Tag Archives: chinese

Z and Chinese 

The school had done such a fabulous job that he was pretty good in Hanyu Pin Yin. He was able to read Chinese books out loud too.

However, there was one aspect which I forgot.

Conversational Chinese.

Despite being able to read and write Chinese, his conversational Chinese was hesitant and unconfident.

I was very surprised. What a major blind spot it was.

Now we had to work on that. It was not as natural as we had limited vocabulary in our daily conversation but we all tried our best.

Learning Chinese


At Z’s Chinese teacher’s recommendation, we bought this series of books. She explained that they used the 100-word series in school. It meant that the students were taught 100 new words across the entire set.

We were looking for the 100-word version but Popular bookstore only stocked 200-word version and above.

I loved buying books and readily picked this up.

We bought this on Saturday evening.

By Wednesday, he was reading the book out loud to him with ease. My jaw dropped because we had not even read the book to him.

Mr H then explained that Z had used the audio CD to help him read along. Z’s school had been closed on a Monday and he spent some time learning by himself. We were still super impressed. It was really great to have such a good Chinese teacher who inspired interest, learning and maintained a pretty good standard. Of course, I was pretty proud that we had trained such an independent learner.

Learning with Z

I was a late bloomer, so I did not exactly expect Z to love studying.  Besides, I was always afraid that over-studying would cramp his creativity and development.  I tried to incorporate learning into our life and conversation.

The other day, I was teaching him new words.  We were watching TV and I pointed to baby X.  I asked if he knew how to spell ‘Baby’.  He responded negative so I went in a silly cheerleading mode about “b-a-b-y, that’s baby.  Who is he? B-A-B-Y…” and we went on and on and on.  These days, when we spotted new stuffs (and simpler words), I would incorporate his school’s letterland teaching and my nonsensical style to get him to remember the words.

I also told Z that the most important thing was to learn how to read, write and spell.  Those were the most powerful tools a person could have.  Once he could read and spell, he could search for his favourite videos on youtube and shop online for toys which could not be purchased in Singapore.  I also told him that it was his job to learn how to read so that he could read to Baby X.

I had a genuine love for books.  I loved reading.  I also used that to inspire Z.  Of course, on a separate note, we had been unabashed in telling Z that both Mr H and I were very smart people.  In order for him to become an independent person who did not need to listen to us, he had to be smarter than us.  Z informed us that he knew his ABCs very well and asked if it constituted to being smarter than us.  I broke the grave news to him that both Mr H and I had more than 40 years of education under our belt.  Learning was a continuous journey and he would have to buck up if he wanted to win us on that.  10 times his lifetime did seem very long.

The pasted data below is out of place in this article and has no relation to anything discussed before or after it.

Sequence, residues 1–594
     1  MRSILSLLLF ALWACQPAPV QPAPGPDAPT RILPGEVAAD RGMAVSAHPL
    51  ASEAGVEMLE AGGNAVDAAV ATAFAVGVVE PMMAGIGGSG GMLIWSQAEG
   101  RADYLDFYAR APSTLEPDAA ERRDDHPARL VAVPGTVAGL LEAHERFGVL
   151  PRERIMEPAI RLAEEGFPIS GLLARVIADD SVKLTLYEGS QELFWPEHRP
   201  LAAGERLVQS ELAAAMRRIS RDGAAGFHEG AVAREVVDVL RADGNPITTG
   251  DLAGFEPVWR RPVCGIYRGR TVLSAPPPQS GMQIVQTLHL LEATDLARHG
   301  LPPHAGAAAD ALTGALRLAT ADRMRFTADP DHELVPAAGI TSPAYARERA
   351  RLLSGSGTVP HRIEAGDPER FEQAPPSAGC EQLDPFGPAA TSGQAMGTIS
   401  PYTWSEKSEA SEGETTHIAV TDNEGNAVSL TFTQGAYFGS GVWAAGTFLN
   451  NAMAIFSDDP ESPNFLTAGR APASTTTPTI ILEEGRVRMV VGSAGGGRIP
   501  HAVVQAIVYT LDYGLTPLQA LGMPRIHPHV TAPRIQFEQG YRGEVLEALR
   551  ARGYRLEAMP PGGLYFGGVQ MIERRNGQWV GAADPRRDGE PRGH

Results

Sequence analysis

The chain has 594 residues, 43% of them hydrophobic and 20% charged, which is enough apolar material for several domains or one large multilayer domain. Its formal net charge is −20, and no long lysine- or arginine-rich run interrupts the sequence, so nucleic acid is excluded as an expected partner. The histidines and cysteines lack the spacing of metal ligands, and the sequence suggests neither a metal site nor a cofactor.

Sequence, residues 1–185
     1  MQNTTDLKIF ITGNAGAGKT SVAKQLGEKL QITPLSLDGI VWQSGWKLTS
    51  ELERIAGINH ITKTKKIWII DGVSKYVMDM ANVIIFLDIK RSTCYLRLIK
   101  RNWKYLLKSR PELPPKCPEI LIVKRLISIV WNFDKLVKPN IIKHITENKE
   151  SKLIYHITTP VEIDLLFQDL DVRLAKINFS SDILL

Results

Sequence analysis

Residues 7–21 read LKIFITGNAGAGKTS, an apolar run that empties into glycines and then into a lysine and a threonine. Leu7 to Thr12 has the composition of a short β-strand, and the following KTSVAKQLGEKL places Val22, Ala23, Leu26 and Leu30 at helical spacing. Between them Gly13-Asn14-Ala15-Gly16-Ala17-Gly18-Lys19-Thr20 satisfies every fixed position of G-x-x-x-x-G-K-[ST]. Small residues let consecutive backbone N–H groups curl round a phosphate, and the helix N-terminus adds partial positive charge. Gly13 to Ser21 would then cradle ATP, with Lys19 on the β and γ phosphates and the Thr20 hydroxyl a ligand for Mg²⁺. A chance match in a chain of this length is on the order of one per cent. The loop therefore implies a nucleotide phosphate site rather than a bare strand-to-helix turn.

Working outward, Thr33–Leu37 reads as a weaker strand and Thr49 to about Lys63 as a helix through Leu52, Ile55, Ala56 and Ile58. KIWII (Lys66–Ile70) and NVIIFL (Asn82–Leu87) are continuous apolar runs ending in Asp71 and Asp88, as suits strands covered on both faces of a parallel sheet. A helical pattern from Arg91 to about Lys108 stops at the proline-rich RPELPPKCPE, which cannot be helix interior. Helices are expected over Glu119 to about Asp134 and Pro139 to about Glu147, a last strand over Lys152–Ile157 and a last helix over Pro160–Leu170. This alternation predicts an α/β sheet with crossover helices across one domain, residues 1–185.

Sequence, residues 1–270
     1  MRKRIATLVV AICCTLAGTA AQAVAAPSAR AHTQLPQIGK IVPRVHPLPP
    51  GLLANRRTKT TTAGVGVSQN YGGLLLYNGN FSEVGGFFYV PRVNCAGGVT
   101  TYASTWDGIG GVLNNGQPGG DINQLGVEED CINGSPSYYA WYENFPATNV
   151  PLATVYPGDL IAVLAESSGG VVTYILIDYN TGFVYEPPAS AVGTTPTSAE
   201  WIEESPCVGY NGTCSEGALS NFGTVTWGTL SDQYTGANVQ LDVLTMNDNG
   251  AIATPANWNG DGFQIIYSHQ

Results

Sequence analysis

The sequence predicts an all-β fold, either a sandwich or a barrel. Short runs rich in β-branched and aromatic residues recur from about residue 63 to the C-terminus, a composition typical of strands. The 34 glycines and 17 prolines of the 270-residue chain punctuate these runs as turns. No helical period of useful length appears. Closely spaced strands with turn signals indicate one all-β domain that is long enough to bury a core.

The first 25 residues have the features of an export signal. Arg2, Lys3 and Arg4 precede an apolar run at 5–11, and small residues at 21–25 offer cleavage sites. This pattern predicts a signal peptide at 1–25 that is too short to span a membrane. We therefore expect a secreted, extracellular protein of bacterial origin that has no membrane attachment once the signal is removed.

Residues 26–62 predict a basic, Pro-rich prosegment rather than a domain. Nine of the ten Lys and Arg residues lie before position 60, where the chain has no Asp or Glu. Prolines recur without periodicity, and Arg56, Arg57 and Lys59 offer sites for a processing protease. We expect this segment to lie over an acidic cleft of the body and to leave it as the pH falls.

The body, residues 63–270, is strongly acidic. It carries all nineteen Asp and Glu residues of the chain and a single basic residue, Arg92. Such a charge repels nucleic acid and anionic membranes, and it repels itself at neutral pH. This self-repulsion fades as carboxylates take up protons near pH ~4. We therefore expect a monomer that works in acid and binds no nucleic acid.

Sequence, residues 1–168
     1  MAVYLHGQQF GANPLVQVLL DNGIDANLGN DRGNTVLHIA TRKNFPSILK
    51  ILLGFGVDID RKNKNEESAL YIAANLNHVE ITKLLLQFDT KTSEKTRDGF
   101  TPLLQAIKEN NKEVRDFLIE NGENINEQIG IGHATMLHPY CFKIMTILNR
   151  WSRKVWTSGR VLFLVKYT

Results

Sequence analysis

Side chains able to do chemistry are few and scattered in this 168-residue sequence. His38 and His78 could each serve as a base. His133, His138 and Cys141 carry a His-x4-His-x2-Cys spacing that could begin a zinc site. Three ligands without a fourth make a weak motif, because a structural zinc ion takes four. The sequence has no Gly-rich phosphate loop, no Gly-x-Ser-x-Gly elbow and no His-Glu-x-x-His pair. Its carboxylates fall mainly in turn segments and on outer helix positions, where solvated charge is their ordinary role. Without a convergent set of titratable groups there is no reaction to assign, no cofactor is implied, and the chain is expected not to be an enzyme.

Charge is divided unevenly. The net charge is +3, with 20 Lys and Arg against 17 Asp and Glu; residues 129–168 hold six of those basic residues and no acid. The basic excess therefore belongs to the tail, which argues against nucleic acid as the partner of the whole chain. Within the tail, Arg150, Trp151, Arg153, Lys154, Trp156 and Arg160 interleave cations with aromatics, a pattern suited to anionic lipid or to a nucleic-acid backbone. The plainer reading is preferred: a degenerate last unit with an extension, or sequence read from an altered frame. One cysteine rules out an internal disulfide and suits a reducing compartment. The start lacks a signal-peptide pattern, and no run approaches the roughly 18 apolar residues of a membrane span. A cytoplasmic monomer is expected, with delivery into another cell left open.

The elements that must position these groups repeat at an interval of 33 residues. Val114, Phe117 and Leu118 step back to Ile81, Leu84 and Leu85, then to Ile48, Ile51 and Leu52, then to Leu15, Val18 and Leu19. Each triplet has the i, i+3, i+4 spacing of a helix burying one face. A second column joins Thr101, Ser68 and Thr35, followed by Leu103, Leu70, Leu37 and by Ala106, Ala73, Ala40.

I did not send Z to any enrichment classes because the key to a good enrichment class was consistent parental involvement.  That was easier said than done.  However, being the compulsive person I was, my motto was to play hard and work harder.  The only additional thing we did with him was using the Bambino Luk and Mini Luk learning tools which came across more as a game and educational.  It helped us to train him in independent learning.  We actually could get him to do 2-3 hours of work when required.  I would definitely encourage getting this off Amazon at US$99 as opposed to buying it locally at S$500.

I also believed in embracing Chinese as a language.  I did not have fantastic written Chinese capabilities today but reading children’s books were not supposed to be difficult.  Even if I had forgotten the words, I would not show Z poor comprehension of the language.  Honestly, Chinese language was not my favourite subject because of the sheer amount of penmanship required.  However, Chinese folklores imparted very strong values on respect and filial piety which I grew up with.  Z knew that we embraced the language and could converse well in both English & Chinese.  He knew he had no reason to dislike the language and understood the he had to read Chinese in order to go KTV!  He had exhibited interest and was keen to learn.  Well, I sure hoped he would keep it this way.

Weekend in brief

We completed a couple of errands over the weekend such as paying the deposit for X’s first year old birthday party.


With a sob, it had been 11 months since he joined our family. Where did all the time go?


Z continued to show his brother love back at home.


We had a lot of fun and adventure and this was us in London. How I missed the trip!


I would write a more sob-worthy post in a month’s time when X turned one.

We headed down to Suntec Convention Centre to check out the Popular Bookfest.



My love for books made it irresistible to walk away without buying and so we ended up with these.


Z loved the one with the wheels and it was on 50% off. The others were only at $1.90 each. I liked the Chinese folklores because they taught pretty good values. I always recalled listening to these stories on radio, via cassette tapes and more. I also used to like the Chinese riddles because it was quite fun and always a good topic starter amongst friends, and I hoped that Z’s interest in Chinese would be maintained.